Planting, Care, And Cultivation Of Fruit Trees

The wonderful thing about planting fruit trees is that once they are planted, they continue to yield fruit year after year, with minimal care.

The wonderful thing about fruit trees is that once they are planted, they continue to yield fruit year after year, with minimal care. In addition to that, you will feel the satisfaction that comes from successfully growing a plant from scratch, and the knowledge that the fruit of your labour is long-term.

Site and soil

1.Choose your site with care.

2.Avoid planting your fruit trees where cold air is likely to be trapped. As long as you have good drainage, most trees will grow in a wide variety of soil types.

3.If you do not have enough space to plant fruit trees into the soil need not give up: there are a few fruit trees which thrive happily in containers.


1.Prepare the planting positions well.

2.Dig in plenty of organic matter to give the tree a good supply of nutrition for a start.

3. Prepare each planting position by taking out a spade-depth hole that is half as broad as the area of the tree's spread out roots, or if you are planting in a container, the width of a root ball.

4.Fork some well-rotted manure, compost or planting mixture into the bottom of the hole.

5.Mix some of the compost with the soil that you have just removed.

6.If a supporting stake is needed, hammer it a little off-center.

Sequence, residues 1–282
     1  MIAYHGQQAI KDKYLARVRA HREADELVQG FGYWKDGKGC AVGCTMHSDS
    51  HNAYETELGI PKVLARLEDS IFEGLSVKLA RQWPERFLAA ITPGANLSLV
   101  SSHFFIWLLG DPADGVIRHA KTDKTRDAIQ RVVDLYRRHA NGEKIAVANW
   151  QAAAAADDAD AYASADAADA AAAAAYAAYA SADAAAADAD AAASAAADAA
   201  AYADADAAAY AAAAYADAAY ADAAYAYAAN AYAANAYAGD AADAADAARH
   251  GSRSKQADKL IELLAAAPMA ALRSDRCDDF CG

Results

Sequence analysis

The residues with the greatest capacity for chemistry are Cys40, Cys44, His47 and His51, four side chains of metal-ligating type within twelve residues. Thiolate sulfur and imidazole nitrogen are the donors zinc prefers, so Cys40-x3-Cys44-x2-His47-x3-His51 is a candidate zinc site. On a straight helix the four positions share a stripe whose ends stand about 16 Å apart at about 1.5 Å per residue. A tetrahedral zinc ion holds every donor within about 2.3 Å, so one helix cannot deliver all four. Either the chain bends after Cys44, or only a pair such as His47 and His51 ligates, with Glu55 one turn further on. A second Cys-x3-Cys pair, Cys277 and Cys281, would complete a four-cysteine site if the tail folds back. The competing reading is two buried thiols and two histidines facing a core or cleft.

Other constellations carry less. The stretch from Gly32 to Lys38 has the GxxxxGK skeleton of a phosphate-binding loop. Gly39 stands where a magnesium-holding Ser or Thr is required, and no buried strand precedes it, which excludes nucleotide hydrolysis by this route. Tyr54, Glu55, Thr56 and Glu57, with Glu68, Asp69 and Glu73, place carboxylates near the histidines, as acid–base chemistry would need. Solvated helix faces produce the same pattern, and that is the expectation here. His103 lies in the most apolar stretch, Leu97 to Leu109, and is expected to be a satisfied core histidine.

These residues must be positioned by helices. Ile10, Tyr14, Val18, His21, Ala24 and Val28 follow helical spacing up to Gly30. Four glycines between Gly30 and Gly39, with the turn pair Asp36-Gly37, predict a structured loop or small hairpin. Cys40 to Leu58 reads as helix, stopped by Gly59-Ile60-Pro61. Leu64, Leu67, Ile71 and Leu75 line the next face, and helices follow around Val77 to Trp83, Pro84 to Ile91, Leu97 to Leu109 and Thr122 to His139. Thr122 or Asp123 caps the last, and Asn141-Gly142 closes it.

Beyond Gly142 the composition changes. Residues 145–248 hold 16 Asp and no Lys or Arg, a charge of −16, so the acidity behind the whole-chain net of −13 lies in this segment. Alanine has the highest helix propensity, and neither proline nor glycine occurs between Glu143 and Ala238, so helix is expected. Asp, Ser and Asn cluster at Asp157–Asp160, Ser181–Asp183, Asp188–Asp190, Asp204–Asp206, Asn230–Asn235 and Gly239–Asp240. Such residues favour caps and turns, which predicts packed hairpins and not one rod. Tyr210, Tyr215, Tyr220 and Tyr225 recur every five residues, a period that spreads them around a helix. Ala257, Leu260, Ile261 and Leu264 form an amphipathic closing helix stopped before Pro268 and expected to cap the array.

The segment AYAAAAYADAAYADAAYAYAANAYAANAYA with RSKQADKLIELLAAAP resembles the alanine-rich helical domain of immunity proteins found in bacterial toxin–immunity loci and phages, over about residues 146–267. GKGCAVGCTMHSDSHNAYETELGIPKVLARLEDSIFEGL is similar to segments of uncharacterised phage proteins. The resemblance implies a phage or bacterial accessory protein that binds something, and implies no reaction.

7. Shorten the long, thick roots of the plant you are about to plant and cut off any that seem dead.

Plant Support

1. All fruit trees, even bush forms, need staking, at least during their early years.

2. For bush trees and dwarf pyramids, drive a stake as deep as one foot and a half into the ground. Secure the stem to it with a plastic tree-tie. Alternatively, wrap a sack around the trunk to prevent chafing. For cordons ad espaliers, buy pressure-treated posts, or fix the posts in metal sockers driven into the ground.

3. Make sure that the soil mark is level with the surrounding ground. Also make sure that the bulge on the stem, where the upper and lower parts of the tree are grafted, is well above the soil surface.

4. Place some soil or compost mixture over the roots and shake the stem up and down so that it settles between the roots.

5. Repeat the process until the hole is filled.

6. Firm the soil with your foot.

Protecting your fruit trees

Damage by the birds is the major problem for all fruit tree growers. Spray on bird repellant, used frequently, is one of the deterrents you can use. You may also be able to net the smaller trees.

Pruning your tress

Pruning your fruit trees is essential. When pruning, it necessary to distinguish between fruit buds and growth buds. Fruit buds are plump and rounded; growth buds are small and flat. Here are some of the reasons you should prune your trees:


Initially, you prune the trees so that you can train them to particular shapes and create a framework on which crops will later be borne. Pruning your fruit trees in winter stimulates the trees' growth ( done mostly on bush trees). Summer pruning retards growth.

Maintaining balance

Once the tree has matured (after about 4 years of so), you need to continue pruning your trees in order to maintain the balance between creating new, non-fruit bearing replacement shoots and encouraging older growths to bear fruit. This is done in order to prevent overcrowding of fruit on the tree and to remove dead branches.

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